So, to come back , to the book in question, this was the only book I completed in the month of Feb ’19. How many I read in this duration? Oh, do not ask me. There are so many unread 5%, 10%, 15%….books in line, since now very very few books hold my interest. And so, if I have completed this book (for I only write reviews of completed books), this must be one of the few good ones (mind it, not the best though). I want to read at least one book in the popular series, and if it is a thriller murder mystery, good good!

This is an okayish book and only recommended for mystery and thriller buffs or those looking for typical books in this genre for a change. An easy read, it has all the masala (not Bollywood ones) that should make a mystery book a success. Ah, but that is my view, of course. And perhaps that is why I could complete this book in between a hectic schedule. Try checking this out, or read more reviews to find if this is the book that caters to your taste. All the best and enjoy! 🙂

Keep watching my blog for more book reviews!

Book blurb:
For maverick LAPD homicide detective Harry Bosch, the body in the drainpipe at Mulholland Dam is more than another anonymous statistic. This one is personal…because the murdered man was a fellow Vietnam “tunnel rat” who had fought side by side with him in a hellish underground war. Now Bosch is about to relive the horror of Nam. From a dangerous maze of blind alleys to a daring criminal heist beneath the city, his survival instincts will once again be tested to their limit. Pitted against enemies inside his own department and forced to make the agonizing choice between justice and vengeance, Bosch goes on the hunt for a killer whose true face will shock him.
About the author:
Michael Connelly worked at newspapers in Daytona Beach and Fort Lauderdale, Florida, primarily specializing in the crime beat. After three years, he began writing his first novel to feature LAPD Detective Hieronymus Bosch. The novel, The Black Echo, based in part on a true crime that had occurred in Los Angeles, was published in 1992 and won the Edgar Award for Best First Novel by the Mystery Writers of America. Connelly has followed that up with 26 more novels.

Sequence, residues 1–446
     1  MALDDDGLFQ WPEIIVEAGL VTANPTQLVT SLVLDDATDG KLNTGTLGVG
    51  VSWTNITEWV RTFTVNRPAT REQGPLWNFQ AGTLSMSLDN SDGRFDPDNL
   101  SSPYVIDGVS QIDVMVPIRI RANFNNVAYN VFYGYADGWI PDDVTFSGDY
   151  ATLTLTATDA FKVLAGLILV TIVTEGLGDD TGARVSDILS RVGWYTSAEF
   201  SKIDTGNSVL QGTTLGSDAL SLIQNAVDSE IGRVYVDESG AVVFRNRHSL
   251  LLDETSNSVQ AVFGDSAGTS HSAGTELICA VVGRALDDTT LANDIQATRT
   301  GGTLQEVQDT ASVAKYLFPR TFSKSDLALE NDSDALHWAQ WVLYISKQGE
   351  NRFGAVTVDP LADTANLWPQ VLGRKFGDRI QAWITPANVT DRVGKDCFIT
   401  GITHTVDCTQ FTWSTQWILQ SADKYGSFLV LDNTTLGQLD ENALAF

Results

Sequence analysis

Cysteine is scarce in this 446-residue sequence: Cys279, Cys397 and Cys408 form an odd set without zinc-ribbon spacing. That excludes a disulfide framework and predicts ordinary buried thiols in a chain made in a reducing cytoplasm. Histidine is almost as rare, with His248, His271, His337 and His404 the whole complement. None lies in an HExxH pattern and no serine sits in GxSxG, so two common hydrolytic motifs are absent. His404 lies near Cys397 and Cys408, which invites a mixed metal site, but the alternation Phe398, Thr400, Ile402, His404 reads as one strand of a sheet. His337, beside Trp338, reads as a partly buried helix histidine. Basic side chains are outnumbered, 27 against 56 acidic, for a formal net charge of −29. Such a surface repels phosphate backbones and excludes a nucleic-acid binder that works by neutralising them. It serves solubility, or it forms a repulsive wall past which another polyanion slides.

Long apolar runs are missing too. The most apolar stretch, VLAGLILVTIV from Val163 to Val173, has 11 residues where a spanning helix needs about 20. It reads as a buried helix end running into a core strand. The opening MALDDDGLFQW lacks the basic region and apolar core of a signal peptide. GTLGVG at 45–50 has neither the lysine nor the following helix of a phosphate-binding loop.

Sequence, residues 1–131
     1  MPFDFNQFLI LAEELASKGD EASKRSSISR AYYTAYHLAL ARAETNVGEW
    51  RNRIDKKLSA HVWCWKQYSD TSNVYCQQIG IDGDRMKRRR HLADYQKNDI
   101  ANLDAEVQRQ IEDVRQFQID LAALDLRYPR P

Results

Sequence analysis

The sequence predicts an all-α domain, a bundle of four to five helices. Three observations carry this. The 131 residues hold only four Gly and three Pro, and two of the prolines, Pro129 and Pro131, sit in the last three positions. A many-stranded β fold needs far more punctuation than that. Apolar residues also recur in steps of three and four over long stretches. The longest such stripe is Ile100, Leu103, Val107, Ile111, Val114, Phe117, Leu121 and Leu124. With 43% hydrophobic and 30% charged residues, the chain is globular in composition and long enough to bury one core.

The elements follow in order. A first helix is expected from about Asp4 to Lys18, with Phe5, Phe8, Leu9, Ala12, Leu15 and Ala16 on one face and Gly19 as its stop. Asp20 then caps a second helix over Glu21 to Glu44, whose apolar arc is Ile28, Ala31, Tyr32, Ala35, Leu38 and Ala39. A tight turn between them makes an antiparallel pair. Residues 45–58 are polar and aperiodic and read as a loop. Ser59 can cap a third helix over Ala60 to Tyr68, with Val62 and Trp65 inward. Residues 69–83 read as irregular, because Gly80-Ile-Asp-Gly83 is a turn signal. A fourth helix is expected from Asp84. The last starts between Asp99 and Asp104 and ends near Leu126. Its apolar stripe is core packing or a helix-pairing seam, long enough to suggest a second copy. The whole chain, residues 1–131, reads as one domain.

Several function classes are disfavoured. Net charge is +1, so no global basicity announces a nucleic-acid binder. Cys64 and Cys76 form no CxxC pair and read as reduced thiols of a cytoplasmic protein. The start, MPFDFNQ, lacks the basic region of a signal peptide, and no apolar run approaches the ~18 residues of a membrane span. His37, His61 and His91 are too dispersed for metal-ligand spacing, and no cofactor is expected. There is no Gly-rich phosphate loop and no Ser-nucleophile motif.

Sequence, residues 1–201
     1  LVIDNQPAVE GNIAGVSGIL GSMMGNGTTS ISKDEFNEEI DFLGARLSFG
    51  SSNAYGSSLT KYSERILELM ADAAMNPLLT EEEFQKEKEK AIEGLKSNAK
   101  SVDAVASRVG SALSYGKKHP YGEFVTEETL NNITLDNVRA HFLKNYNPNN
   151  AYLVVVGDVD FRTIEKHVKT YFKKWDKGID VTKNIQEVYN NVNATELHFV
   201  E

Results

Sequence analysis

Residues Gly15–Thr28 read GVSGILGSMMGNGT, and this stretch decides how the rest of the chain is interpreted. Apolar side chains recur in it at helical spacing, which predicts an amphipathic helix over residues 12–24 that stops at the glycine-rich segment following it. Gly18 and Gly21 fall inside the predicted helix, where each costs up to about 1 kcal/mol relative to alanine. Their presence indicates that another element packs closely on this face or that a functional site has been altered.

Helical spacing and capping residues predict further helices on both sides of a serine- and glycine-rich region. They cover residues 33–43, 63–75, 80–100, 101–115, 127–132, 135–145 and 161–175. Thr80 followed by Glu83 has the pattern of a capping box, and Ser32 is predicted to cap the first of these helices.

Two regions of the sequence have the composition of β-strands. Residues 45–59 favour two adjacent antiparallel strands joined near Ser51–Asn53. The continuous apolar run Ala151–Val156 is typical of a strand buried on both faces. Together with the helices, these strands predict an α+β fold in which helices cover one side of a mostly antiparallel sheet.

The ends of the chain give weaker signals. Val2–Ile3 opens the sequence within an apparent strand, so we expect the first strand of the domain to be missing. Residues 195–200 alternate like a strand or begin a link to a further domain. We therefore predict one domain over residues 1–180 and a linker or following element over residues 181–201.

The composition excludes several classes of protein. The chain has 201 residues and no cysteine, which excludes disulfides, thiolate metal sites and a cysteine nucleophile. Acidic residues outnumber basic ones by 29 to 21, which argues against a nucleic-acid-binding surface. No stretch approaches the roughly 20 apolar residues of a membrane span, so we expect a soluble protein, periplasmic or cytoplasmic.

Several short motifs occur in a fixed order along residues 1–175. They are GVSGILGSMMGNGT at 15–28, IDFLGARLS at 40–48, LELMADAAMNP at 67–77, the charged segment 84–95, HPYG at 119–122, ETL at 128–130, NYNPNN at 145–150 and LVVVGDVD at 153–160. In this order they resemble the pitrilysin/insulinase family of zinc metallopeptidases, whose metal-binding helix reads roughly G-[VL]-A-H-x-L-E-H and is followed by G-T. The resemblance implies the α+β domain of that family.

Michael is the bestselling author of thirty-two novels and one work of non-fiction with over seventy-four million copies of his books sold worldwide and translated into forty foreign languages. In 2002, Clint Eastwood directed and starred in the movie adaptation of Connelly’s 1998 novel, Blood Work. In March 2011, the movie adaptation of his #1 bestselling novel, The Lincoln Lawyer, hit theaters worldwide starring Matthew McConaughey as Mickey Haller. His most recent #1 New York Times bestsellers include Dark Sacred Night, Two Kinds Of Truth, The Late Show, The Wrong Side Of Goodbye, The Crossing, The Burning Room, The Gods of Guilt, and The Black Box. Michael’s crime fiction career was honored with the Diamond Dagger from the CWA in 2018.

Michael is the executive producer of Bosch, an Amazon Studios original drama series based on his bestselling character Harry Bosch, starring Titus Welliver. He is also the executive producer of the documentary films, Sound Of Redemption: The Frank Morgan Story and Tales of the American. He spends his time in California and Florida.

Website: michaelconnelly.com
Twitter: @ConnellyBooks

Rating: 7/10
Genre:Mystery Thriller
Book Name:The Black Echo
(Harry Bosch #1)
Author:Michael Connelly
Pages:482
Publication Year:1992

Book Review: The Cafe by the Sea by Jenny Colgan

EtherealJinxed | book review | the cafe by the sea by jenny colgan

After completing Wedding Night by Sophie Kinsella, Cafe by the Sea was a better improvement, though I liked Jenny Colgan’s other book The Bookshop on the Corner much much better. Okay, so since this is another chick lit, so people who do not like this genre, can stop reading this review right away; do not tell me later that you wasted your time.

The book started with someone who has got attuned to a hectic sad urban life but does not want to visit her origins for it is too rustic. Now, does this not correlate with many of us, who are working out there in big cities so so far away from our hometown to make name and fame, or money for ourselves or loved ones? In that way, the book will make you reminisce and be nostalgic of those golden childhood days which we have forgotten. Check out this line: It was like walking into something he was already nostalgic for, without it ever being his, without it even having passed him by.